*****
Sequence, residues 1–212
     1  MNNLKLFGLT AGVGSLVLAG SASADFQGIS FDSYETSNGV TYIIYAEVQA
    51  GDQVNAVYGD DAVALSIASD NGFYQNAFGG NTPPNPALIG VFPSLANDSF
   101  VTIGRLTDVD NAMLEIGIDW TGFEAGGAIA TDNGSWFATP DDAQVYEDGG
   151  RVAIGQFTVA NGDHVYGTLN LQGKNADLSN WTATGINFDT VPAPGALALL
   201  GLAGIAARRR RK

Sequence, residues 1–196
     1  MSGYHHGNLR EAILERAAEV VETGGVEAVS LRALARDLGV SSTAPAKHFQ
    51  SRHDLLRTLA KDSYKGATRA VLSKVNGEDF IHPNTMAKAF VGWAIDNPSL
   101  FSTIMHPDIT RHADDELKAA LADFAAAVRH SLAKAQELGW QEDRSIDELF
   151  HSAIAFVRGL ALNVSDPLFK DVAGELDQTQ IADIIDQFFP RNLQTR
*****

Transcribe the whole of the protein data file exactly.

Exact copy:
Sequence, residues 1–212
     1  MNNLKLFGLT AGVGSLVLAG SASADFQGIS FDSYETSNGV TYIIYAEVQA
    51  GDQVNAVYGD DAVALSIASD NGFYQNAFGG NTPPNPALIG VFPSLANDSF
   101  VTIGRLTDVD NAMLEIGIDW TGFEAGGAIA TDNGSWFATP DDAQVYEDGG
   151  RVAIGQFTVA NGDHVYGTLN LQGKNADLSN WTATGINFDT VPAPGALALL
   201  GLAGIAARRR RK

Sequence, residues 1–196
     1  MSGYHHGNLR EAILERAAEV VETGGVEAVS LRALARDLGV SSTAPAKHFQ
    51  SRHDLLRTLA KDSYKGATRA VLSKVNGEDF IHPNTMAKAF VGWAIDNPSL
   101  FSTIMHPDIT RHADDELKAA LADFAAAVRH SLAKAQELGW QEDRSIDELF
   151  HSAIAFVRGL ALNVSDPLFK DVAGELDQTQ IADIIDQFFP RNLQTR